Nevada agency seeks to block new rates for rooftop-solar customers


CARSON CITY — The Nevada Bureau of Consumer Protection on Thursday filed a motion to halt the implementation of a new net metering rate for rooftop-solar customers while petitions seeking reconsideration or clarification of the controversial decision can be filed.

The petition filed with the Nevada Public Utilities Commission says that the order approved Tuesday appears to conflict with the desire of Gov. Brian Sandoval to allow the rooftop-solar industry to continue to create jobs while balancing the interests of nonsolar ratepayers.

"Major companies in the solar industry have stated the order could result in the loss of jobs numbering in the thousands," the petition signed by Consumer Advocate Eric Witkoski, says. "Such an outcome is not consistent with the Governor's stated objectives of SB374 or the governor's initiatives and focus to increase jobs and employment for Nevada residents."

Senate Bill 374 is the measure approved by the 2015 Legislature directing the PUC to craft a new rate for net metering customers of NV Energy. Net metering allows those with rooftop systems to receive a credit for the excess energy they generate.

The new tariff approved by the PUC will increase the monthly fixed charge solar customers will have to pay and will reduce the credit received for each kilowatt hour of excess energy generated to wholesale rates. The new rate structure will take effect Jan. 1 and will apply to rooftop-solar customers regardless when their systems were installed.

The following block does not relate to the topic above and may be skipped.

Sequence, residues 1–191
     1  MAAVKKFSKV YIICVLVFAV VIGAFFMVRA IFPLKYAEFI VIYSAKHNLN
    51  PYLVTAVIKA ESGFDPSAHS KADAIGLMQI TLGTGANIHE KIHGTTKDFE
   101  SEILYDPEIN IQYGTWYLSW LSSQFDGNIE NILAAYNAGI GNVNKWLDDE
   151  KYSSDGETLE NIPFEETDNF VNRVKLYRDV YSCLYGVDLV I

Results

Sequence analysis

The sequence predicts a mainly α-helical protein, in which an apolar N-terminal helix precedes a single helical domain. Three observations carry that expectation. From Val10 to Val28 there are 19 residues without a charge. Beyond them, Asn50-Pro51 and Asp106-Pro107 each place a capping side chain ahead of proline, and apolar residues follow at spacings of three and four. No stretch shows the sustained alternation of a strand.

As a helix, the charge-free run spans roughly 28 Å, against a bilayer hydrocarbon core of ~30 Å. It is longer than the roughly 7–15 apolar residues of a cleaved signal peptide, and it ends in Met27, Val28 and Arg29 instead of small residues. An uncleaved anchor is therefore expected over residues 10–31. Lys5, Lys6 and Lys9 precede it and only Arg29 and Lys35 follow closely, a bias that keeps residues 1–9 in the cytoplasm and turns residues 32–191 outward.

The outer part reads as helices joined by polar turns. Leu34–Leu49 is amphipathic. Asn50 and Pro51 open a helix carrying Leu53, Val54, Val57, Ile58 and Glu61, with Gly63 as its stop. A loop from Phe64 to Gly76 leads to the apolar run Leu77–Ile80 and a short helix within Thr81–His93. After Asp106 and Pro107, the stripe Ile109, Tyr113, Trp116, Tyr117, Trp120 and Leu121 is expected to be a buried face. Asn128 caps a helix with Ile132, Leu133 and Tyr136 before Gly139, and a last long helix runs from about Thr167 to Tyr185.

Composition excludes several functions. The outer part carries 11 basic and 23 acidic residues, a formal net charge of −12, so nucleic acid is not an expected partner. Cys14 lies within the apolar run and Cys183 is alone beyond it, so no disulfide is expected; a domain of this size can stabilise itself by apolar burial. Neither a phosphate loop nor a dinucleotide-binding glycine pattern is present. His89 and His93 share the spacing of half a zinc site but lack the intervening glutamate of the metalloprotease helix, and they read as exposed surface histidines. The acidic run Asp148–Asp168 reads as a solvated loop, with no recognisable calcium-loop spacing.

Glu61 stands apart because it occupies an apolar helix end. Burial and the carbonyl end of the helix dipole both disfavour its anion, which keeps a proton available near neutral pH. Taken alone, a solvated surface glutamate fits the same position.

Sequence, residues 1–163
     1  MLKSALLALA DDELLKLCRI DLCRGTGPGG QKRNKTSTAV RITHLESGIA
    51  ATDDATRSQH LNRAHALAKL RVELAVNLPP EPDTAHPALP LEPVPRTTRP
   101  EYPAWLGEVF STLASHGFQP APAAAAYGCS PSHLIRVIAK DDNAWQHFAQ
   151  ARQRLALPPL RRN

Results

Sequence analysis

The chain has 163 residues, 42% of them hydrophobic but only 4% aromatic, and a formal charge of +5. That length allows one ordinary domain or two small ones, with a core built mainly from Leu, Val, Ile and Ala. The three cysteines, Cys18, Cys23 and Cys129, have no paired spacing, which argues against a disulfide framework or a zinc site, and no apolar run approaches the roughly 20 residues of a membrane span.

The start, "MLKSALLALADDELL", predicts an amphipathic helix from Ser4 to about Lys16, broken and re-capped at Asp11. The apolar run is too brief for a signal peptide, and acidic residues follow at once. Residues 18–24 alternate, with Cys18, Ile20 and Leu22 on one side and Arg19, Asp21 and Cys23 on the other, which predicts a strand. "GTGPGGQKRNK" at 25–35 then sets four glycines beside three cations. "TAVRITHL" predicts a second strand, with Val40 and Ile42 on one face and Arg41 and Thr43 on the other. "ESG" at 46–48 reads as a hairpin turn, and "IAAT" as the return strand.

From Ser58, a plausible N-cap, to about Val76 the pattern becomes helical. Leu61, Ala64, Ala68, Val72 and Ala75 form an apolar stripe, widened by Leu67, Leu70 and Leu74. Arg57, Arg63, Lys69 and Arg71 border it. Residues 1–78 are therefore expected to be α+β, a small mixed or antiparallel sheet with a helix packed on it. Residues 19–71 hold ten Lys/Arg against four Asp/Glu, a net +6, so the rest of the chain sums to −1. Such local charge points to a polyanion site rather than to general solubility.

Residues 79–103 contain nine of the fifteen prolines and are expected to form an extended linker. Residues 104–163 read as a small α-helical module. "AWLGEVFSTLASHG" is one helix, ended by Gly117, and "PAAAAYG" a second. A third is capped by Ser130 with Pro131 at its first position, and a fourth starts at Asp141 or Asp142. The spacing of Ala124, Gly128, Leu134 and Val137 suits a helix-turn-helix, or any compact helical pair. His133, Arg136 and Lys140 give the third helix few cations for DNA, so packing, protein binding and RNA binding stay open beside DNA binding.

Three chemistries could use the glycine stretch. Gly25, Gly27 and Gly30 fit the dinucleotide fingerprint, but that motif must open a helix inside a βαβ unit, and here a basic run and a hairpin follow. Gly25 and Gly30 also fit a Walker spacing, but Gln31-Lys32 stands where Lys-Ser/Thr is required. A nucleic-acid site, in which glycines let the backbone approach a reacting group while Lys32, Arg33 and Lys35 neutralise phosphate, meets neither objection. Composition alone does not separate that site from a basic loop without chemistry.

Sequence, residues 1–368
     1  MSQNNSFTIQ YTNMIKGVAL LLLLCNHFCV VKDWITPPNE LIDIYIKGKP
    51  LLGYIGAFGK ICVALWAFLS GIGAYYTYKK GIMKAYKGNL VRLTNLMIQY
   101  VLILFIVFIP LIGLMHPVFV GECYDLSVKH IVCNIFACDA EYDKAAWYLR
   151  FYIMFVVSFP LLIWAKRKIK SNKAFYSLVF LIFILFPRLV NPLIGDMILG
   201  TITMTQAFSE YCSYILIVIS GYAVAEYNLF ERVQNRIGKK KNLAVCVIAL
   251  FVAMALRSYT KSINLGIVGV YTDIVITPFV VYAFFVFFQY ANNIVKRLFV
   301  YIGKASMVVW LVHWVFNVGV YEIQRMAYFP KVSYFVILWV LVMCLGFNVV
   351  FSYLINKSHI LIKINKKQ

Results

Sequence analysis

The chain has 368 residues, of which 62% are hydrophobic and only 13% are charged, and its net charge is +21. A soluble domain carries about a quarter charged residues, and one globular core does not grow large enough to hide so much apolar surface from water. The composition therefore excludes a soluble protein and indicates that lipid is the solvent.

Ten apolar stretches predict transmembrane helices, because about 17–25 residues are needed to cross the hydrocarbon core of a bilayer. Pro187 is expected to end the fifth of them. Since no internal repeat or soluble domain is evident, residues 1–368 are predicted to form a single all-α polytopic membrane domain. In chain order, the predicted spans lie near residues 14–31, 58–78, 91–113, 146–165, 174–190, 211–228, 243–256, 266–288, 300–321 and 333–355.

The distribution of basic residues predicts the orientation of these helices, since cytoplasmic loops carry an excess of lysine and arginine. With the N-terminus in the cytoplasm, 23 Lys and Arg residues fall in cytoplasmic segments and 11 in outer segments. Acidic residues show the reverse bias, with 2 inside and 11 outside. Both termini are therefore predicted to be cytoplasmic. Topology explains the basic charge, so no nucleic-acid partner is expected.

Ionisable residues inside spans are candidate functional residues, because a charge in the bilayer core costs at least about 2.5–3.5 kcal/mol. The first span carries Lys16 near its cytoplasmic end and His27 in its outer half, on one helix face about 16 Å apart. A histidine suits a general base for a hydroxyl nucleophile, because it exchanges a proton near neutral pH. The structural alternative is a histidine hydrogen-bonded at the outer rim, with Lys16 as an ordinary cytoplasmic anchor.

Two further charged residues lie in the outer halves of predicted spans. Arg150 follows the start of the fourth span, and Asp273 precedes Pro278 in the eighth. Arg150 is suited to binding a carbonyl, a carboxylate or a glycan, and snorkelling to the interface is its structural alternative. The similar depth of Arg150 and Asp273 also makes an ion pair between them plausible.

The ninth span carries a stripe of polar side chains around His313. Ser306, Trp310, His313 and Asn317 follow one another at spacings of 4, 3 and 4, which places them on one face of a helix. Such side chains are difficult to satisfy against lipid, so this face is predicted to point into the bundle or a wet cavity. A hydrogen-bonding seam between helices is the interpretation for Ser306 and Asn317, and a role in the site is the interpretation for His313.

Following the decision, the rooftop-solar company SolarCity said it will no longer sell or install rooftop-solar systems in Nevada. The Alliance for Solar Choice said it will challenge the new rates in court.

The application of the new rates to existing customers is particularly troubling, according to the filing.

Existing net metering customers "understandably feel a bit confused, frustrated and aggrieved to find out their rates related to net metering will change January 1, 2016," the filing says.

"Further, the Commission's Order does not recognize or acknowledge there could be significant value of a robust roof-top solar program that could negate the need for a $900 million investment (in a) natural gas plant in the near future; a plant that would likely only be needed for a few months out of the year," the filing says.

Postponement of the implementation of the new rooftop-solar rates would allow the PUC additional time to consider the issues raised, obtain clarification on some aspects of the order and ensure that the implementation of the tariffs more closely aligns with the law as well as the stated objectives of the governor, the petition says.

The Bureau of Consumer Protection is asking that responses to its petition be filed by Tuesday.

Contact Sean Whaley at swhaley@reviewjournal.com or 775-687-3900. Find him on Twitter: @seanw801